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Who got your fish?

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A Cook Inlet sockeye salmon comes ashore/Craig Medred photo

For decades now, Cook Inlet fishermen of all stripes have been feuding bitterly over shares of the annual return of sockeye salmon, and now comes an indication that all that time they were getting collectively ripped off by another fishery.

An Alaska Department of Fish and Game genetic stock analysis has fingered a previously unquantified fishery annually scooping up as many 636,000 Inlet-bound sockeye.

For comparison sake, that’s about 100,000 more than were caught in the sometimes controversial Kenai River personal-use dipnet fishery in the record year of 2011. Dipnet harvests in recent years have been in the range of 350,000 to 380,000 – around a half to two-thirds of the harvest in what up to now has a been a ghost fishery, at least data wise.

The fishery’s newly calculated 2012 catch of 626,473 sockeye would have amounted to more than 10 percent of the commercial catch of sockeye in the Inlet that year. 

The mystery fishery picking off Inlet sockeye?

The Kodiak purse seine fishery operating off the capes of that island 50 to 100 miles south of the entrance to the Inlet.

Surprising non-surprise

Alaska Department of Fish and Game biologists and others studying Alaska salmon have long known the Kodiak fisheries intercepted salmon from all around the Gulf of Alaska. Tagging studies began telling that story decades ago.

But until recently there was no way to determine the size of the intercepts. There is now. Scientists can take tissue samples from salmon, tease out the DNA, and in that way fingerprint the “stock” from which the fish originated.

Random sampling of the fish from a known-size catch allows them to then determine the percentage of  the harvest coming from various stocks. Some simple math – the percentage times the total harvest – allows for a pretty accurate calculation on how many salmon from each stock have been caught.

Fish and Game this month released its look at the genetic make up of the Kodiak fishery as part of its “Fishery Manuscript Series.” The “Genetic Stock Composition of the Commercial Harvest of Sockeye Salmon in the Kodiak Management Area, 2014-2o16” is sure to get more than a few people talking in the lead up to the Alaska Board of Fisheries set to start in Anchorage on Feb. 23. 

Inlet salmon are on the agenda, and the process of allocating the catch between five different Inlet user groups is always contentious. Sockeye salmon are the key player in the game, too, because collectively the form the tail that wags the Inlet dog.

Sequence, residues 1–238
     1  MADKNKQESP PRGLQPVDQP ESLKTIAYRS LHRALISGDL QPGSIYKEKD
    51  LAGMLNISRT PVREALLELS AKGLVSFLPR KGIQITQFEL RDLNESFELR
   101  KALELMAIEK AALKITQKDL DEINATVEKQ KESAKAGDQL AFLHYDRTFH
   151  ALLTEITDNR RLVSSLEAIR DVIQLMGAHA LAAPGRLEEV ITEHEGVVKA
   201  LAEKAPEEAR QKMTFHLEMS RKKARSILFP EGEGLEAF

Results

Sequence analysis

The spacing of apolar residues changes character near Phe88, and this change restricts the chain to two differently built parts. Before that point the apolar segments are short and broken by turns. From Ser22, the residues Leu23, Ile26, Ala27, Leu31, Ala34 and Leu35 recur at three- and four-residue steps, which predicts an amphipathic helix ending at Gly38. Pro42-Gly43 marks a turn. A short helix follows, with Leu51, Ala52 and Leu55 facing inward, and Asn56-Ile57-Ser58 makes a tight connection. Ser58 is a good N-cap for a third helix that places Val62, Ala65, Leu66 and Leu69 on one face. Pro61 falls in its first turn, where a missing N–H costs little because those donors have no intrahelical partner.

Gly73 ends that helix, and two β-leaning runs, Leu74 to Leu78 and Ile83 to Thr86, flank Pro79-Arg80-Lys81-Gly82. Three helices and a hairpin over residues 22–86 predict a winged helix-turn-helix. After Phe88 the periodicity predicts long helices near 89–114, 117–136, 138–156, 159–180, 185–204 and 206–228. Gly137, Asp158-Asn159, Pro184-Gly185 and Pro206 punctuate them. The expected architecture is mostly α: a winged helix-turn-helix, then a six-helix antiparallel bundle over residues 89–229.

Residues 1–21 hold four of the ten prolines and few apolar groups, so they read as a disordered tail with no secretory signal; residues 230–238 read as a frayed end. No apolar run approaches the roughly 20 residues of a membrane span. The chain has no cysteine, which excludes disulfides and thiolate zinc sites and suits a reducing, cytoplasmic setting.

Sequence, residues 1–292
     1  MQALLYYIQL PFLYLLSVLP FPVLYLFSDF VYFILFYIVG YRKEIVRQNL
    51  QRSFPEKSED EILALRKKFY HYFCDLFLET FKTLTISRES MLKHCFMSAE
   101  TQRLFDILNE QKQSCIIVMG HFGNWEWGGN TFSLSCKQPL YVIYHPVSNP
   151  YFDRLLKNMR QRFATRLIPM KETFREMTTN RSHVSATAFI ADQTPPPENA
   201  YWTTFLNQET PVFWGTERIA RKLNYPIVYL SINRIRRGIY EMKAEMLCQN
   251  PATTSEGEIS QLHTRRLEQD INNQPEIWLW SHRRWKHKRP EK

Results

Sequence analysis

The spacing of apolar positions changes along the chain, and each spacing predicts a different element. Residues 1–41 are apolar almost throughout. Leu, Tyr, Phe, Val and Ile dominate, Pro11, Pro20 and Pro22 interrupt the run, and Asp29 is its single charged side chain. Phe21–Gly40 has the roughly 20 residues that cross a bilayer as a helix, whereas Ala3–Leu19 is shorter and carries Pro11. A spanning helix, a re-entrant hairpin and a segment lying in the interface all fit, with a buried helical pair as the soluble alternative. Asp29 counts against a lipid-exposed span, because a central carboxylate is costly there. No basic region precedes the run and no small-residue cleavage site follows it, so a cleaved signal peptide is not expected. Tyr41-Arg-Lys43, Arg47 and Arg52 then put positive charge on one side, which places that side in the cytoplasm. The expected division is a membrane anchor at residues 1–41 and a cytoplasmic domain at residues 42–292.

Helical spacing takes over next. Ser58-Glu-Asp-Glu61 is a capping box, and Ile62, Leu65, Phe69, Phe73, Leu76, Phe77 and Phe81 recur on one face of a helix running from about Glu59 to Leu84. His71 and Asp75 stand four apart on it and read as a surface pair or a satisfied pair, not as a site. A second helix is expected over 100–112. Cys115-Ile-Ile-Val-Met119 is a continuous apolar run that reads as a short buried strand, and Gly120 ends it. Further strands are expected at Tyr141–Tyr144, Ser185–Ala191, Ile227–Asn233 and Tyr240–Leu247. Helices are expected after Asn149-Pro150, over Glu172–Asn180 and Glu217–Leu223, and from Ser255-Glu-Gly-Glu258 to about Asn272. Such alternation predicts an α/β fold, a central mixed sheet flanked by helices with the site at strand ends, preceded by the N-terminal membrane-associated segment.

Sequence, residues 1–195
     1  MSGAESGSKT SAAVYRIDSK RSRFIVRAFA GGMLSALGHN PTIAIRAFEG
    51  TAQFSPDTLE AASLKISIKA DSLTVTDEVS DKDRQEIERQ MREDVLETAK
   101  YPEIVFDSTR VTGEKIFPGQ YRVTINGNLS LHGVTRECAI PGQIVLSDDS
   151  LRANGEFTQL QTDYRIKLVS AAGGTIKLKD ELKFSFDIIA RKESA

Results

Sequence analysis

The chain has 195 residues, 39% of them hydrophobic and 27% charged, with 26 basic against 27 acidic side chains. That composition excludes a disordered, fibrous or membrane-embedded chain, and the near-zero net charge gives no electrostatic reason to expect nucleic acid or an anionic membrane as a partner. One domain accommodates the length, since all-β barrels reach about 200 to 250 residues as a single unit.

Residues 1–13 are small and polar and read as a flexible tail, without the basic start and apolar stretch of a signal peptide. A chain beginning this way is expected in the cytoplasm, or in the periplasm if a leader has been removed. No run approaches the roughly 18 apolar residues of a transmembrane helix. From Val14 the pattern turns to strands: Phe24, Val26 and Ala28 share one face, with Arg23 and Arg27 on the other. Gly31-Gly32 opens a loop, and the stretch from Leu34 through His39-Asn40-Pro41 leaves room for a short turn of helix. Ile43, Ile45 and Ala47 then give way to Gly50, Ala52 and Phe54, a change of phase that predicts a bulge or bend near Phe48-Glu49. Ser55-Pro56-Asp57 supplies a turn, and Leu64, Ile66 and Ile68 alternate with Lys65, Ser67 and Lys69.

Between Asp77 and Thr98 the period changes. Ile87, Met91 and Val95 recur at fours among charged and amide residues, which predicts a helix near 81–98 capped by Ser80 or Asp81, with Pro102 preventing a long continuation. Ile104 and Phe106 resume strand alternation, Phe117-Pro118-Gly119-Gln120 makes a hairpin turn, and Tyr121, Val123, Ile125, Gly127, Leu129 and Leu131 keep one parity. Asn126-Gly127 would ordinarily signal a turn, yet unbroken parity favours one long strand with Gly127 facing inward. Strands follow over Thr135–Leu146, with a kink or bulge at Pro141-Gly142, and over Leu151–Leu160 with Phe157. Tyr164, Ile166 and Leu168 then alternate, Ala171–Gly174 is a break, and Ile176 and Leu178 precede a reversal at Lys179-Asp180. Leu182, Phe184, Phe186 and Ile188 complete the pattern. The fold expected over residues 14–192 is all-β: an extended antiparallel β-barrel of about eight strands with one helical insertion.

In a blender

The Inlet’s commercial fisheries in one regard mirror those off Kodiak; they are all mixed stock fisheries. Kodiak targets not only salmon spawned in streams flowing off the 4,000-square-mile rock in the Gulf of Alaska, but also fish born in streams draining into Cook Inlet, Prince William Sound and Chignik Lake.

Inlet fisheries catch almost solely Inlet sockeye, but those fish traces their roots to stocks in dozens of streams. State fishery managers have spent years trying to manage Inlet runs to minimize the harvest of weak sockeye, Chinook and coho salmon  stocks while maintaining large catches of strong sockeye stocks.

They have not always been successful. Efforts to maximize the commercial catch of Kenai sockeye, in particular, has often led to significant catches of non-target salmon.

Mixed stock fisheries are not easy to manage well, which is why salmon managers around the globe have tried to phase them out when and where they can. That isn’t always easy because so many salmon fisheries are mixed.

Even the rod-and-reel fishery in the Kenai River is a mixed stock fishery. An angler hooked into a sockeye in Soldotna could be battling a Kenai River fish, a Russian River fish, a Hidden Lake fish, a Quartz Creek fish, or a fish from any of a number of smaller streams.

The danger is mixed stock fisheries is that if fishermen catch too many fish from the weakest stock they can wipe out a run. Kodiak fishermen can argue that because their harvest is comprised of so many fish from so many places the odds of the worst happening are low.

It’s a good argument, but whether it will sell with Inlet fishermen about to discover they have been sharing a sizable chunk of their catch with folks of they didn’t know will be interesting to see.

 

 

 

 

 

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2 replies »

  1. All of these ocean intercept fisheries deserve close scrutiny. Many of them should be discontinued. Far more scientifically sound to harvest salmon closer to their natal rivers where escapement can be much more effectively managed.

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